According to this figure FDI and recorded remittances appear to be trending in the right direction. Official aid and portfolio equity and private debt are not.
For more on this check out the World Bank’s new book (digital copy) on how Africa can leverage immigration to boost its growth prospects.
It’s important to remember that while overall these numbers may look encouraging, the problem of illicit capital outflows still plagues Sub-Saharan Africa (and other developing regions); and serves as an impediment to growth. Between 1970-2008 the region hemorrhaged an average of over $22b annually. Various studies (including this one) estimate that the private wealth held by Africans in tax havens and other shady depositories abroad may be upwards of $270b.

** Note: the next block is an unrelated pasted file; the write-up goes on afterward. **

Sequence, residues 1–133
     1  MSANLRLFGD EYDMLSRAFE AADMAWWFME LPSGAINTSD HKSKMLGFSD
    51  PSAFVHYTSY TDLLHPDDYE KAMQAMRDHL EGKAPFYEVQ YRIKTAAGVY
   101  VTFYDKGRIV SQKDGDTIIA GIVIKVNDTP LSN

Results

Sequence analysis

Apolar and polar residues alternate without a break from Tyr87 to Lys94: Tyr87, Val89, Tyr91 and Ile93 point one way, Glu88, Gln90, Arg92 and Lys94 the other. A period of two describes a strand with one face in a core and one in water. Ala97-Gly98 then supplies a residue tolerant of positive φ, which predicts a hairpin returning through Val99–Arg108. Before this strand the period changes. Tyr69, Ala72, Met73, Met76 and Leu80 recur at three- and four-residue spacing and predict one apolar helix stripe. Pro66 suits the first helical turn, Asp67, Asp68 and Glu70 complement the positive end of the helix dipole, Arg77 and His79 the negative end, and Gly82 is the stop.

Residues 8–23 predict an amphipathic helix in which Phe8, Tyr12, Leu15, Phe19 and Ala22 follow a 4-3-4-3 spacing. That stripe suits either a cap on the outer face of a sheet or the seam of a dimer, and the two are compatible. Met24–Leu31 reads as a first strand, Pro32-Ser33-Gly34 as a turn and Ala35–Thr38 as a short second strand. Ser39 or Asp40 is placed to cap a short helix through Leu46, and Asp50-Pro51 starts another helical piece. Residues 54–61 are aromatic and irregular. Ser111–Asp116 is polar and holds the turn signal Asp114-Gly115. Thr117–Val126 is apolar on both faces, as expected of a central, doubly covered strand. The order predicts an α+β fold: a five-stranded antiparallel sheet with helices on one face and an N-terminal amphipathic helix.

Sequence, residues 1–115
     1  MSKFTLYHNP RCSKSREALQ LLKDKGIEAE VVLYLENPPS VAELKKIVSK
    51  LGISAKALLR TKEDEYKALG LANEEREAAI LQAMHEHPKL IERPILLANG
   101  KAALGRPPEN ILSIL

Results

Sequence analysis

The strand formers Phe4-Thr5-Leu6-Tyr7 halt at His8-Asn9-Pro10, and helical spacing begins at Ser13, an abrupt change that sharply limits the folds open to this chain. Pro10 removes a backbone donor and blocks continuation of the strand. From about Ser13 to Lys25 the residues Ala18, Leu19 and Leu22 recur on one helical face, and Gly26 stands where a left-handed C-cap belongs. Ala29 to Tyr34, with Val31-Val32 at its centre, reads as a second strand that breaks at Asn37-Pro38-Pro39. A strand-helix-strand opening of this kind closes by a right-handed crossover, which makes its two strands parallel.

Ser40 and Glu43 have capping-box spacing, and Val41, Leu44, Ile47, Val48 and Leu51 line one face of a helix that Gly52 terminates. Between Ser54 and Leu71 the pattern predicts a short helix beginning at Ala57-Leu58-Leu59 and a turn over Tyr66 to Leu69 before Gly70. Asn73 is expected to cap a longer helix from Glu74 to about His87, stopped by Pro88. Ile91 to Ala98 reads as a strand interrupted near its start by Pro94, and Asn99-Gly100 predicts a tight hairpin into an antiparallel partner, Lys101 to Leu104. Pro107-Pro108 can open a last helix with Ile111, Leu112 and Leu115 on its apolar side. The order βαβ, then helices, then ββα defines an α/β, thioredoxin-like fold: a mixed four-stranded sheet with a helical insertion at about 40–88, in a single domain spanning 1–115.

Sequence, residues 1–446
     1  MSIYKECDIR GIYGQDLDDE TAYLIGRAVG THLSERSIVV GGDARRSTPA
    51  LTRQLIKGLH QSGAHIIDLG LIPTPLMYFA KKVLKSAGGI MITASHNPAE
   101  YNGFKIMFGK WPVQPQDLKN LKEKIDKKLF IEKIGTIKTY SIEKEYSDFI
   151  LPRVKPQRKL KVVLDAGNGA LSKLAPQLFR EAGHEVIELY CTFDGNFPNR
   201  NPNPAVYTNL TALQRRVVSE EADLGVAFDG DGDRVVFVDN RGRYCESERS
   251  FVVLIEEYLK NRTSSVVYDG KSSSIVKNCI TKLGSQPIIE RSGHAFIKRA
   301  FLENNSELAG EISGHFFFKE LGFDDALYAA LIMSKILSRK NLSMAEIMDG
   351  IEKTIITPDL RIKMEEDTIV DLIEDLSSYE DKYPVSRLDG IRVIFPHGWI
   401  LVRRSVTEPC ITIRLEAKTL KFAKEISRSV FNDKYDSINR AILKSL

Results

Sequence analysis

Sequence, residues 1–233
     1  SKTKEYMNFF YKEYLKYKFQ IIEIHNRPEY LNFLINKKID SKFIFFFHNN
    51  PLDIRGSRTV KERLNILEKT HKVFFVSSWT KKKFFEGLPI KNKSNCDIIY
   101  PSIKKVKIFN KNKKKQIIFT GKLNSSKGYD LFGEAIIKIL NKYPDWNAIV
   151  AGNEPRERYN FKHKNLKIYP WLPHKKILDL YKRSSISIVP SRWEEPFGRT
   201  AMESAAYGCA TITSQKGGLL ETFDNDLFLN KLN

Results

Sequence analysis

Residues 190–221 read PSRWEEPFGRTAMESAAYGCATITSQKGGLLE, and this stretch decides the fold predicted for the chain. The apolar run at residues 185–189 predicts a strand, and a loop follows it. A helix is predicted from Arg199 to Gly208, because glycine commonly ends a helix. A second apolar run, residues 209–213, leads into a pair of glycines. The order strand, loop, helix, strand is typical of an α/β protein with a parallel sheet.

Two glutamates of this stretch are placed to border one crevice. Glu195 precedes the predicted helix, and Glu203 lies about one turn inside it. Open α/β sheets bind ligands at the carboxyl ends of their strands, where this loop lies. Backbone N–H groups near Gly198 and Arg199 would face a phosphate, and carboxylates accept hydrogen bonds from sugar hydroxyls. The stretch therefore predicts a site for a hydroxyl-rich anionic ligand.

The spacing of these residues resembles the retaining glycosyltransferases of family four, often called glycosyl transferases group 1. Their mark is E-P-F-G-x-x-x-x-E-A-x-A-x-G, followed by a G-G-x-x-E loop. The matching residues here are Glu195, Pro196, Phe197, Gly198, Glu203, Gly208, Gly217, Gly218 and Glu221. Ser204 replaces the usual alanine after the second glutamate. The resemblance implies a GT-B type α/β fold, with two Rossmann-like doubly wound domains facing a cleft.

Here is an excerpt of a piece I have written over at African Arguments:
“While it might be too early to ascertain the full political impact of the ICC’s ruling, there is no doubt that it will provide a real test to Kenyan institutions – especially the judiciary. The courts will have to decide, amid intense political pressure, whether or not the accused are fit to hold public office and by extension whether those that want to can run for president. Ultimately, however, a lot will turn on the decisions made by President Kibaki. Will he stand by his trusted lieutenants in Muthaura and Kenyatta or will he bow to public pressure and ditch them in an attempt to secure his legacy?”